It’s Day 10! We are a third of the way through our Ready for Kindergarten: 30 Days of Activities, Ideas, and Learning Fun series! I hope you’ve been enjoying some of the ideas and activities with your child this summer. Kindergartners are joyful and eager learners – so ready to explore and play!
Today’s post focuses on your child’s concepts about print. When I was teaching kindergarten, we gave an assessment called CAP (concepts about print) to our students several times throughout the year.
With varying degrees of experience with read-alouds, bedtime stories, shared reading experiences, and solo time with books, children begin school with different ideas about the conventions we use to convey meaning in print.
Kindergarten students need to develop an understanding of how print works. These foundational literary understandings are sort of like the building blocks of reading. Children need to demonstrate an understanding of the of the following things:
*I have highlighted the understandings that gave my students the most difficulty.
- Where is the front of the book?
- Which way do we read a book? (Ie- front to back, first page to last page, etc.)
- Understands where to begin reading a story (Say, “Open the book to where we begin reading the story.”)
- When you come to the last word on a page, ask, “Where do I continue reading?” and see if they go to the next page.
- Your child should understand a “print sweep.” This means that they should know that after reading one line of text on a page, that they go to the second line of text to continue reading.
- Which ways is the text read? (from left to right, top to bottom)
- Say, “Show me where to begin reading.” Your child should be able to point to the first word on the page. Ask “Where do I read next?” and see if they point to the next word, or if they skip to the next page.
Print Contains Meaning
- Letters form words.
- Words form sentences.
- Words and sentences convey meaning.
- Can differentiate between the illustrations and the text (“Show me the pictures. Show me the words.”)
- Your child should have a “one to one correspondence” understanding of print. This means that he/she should understand that each word on the page represents one spoken word. Ask your child to point to each word as you read. (For those that can’t read, they should still be able to move their finger each time a new word is read aloud.)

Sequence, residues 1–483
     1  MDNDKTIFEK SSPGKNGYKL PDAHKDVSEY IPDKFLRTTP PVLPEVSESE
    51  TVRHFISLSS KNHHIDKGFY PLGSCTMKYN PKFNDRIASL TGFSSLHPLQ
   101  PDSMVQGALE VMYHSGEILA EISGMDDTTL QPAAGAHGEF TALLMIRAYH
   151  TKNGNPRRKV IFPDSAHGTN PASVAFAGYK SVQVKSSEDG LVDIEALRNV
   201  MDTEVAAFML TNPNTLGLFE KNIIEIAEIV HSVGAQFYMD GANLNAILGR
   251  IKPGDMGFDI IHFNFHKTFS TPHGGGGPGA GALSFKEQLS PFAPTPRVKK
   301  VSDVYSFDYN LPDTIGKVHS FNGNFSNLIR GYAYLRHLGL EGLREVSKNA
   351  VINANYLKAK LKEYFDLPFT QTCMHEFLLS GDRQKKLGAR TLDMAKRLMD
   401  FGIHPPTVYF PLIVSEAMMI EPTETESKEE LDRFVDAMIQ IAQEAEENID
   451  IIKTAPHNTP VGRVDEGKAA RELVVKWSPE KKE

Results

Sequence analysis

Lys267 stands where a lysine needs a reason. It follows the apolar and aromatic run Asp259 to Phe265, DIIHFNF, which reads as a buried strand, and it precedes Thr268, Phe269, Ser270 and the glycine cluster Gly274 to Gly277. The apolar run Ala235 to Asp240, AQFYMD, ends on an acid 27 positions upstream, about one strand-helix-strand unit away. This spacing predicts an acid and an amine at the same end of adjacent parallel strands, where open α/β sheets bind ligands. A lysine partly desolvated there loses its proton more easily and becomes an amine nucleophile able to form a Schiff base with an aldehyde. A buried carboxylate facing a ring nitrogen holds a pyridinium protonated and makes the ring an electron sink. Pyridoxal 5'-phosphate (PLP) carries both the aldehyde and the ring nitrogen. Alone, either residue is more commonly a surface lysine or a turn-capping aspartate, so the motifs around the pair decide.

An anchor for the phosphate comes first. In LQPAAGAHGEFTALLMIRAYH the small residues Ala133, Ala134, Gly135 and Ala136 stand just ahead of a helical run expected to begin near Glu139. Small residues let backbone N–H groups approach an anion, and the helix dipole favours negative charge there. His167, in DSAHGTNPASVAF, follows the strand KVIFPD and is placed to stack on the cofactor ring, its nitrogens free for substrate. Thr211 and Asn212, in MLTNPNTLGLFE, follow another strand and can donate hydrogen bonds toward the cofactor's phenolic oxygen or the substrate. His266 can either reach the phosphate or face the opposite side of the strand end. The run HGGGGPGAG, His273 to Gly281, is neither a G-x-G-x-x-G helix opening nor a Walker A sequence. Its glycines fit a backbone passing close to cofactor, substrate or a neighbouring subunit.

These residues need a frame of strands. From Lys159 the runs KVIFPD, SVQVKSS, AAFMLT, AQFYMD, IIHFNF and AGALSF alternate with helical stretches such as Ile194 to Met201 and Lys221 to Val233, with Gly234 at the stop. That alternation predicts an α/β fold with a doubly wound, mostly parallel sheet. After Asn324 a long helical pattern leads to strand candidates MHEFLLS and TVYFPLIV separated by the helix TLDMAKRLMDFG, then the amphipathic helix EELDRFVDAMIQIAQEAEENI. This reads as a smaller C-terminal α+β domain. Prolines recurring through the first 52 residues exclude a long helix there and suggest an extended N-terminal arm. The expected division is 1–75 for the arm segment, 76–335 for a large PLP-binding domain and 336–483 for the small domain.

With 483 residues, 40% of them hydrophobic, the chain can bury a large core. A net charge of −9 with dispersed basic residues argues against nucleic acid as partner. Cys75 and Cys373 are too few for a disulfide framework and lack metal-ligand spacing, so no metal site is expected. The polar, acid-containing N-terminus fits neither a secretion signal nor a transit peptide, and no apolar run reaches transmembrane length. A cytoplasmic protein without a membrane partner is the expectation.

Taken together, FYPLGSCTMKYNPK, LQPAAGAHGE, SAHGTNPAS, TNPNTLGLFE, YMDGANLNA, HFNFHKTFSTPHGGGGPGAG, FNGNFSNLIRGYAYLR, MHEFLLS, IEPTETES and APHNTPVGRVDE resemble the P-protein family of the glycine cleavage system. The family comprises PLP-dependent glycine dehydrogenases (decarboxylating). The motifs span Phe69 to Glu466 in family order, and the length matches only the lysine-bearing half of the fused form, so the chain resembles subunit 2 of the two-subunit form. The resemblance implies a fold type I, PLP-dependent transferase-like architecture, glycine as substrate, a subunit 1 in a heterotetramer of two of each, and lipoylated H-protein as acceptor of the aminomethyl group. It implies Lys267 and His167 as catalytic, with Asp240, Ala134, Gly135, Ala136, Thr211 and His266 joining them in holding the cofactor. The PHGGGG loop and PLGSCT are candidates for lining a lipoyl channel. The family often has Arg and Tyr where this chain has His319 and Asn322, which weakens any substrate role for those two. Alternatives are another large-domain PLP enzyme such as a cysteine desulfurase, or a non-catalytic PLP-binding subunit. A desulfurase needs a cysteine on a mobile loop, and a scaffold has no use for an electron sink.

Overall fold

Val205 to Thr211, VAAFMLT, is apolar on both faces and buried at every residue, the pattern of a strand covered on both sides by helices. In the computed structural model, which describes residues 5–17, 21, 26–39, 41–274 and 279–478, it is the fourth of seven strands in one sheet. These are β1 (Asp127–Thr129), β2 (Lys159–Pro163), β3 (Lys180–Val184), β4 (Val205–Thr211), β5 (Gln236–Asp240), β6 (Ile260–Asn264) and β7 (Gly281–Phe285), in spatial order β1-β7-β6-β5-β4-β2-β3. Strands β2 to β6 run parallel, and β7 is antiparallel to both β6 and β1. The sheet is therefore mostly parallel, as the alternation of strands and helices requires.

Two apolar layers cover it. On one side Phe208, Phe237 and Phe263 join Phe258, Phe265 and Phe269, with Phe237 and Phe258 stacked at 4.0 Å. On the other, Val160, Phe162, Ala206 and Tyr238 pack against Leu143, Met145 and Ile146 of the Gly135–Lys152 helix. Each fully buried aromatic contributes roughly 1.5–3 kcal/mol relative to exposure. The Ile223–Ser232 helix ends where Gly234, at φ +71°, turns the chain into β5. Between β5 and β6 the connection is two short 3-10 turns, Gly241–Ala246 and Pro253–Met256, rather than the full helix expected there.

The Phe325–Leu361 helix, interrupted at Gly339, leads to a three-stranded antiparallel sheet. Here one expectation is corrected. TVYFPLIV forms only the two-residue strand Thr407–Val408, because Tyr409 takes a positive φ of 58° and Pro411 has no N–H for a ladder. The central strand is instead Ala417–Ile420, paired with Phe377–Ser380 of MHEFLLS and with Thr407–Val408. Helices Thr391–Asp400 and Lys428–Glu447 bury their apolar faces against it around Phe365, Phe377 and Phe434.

Difference Between a Letter and a Word
- “Show me one letter.”
- “Show me one word.”
- “Show me the first letter in a word.”
- “Show me the last letter in a word.”
Your child should have an understanding of the following terms:
One way to help your child develop understandings about print is to speak aloud while reading to them. This may feel silly or unnatural at first, but it is very important. Simply talk about what you’re doing. “I’m going to turn to the first page in this book. I’m starting at the top of the page. See this word (as you point), or “I see a letter “t” in this word. Can you find that letter? This mark is a period. Just talk and read!!! Read until your tongue is tired!
The single most important thing you can do to help your child develop these understandings is to read to them. Read. Read. Read. It is imperative that students read and/or are read to for a minimum of 20 minutes EVERY day.
I could ALWAYS tell which of my students had families that embraced reading. Make it a goal to read even 2 or 3 picture books to your child daily. Ask some of these questions as you read, checking for understanding, and building understanding where there is none. You are helping grow a lover of books and stories into a life-long lover of literacy and learning. Reading matters!
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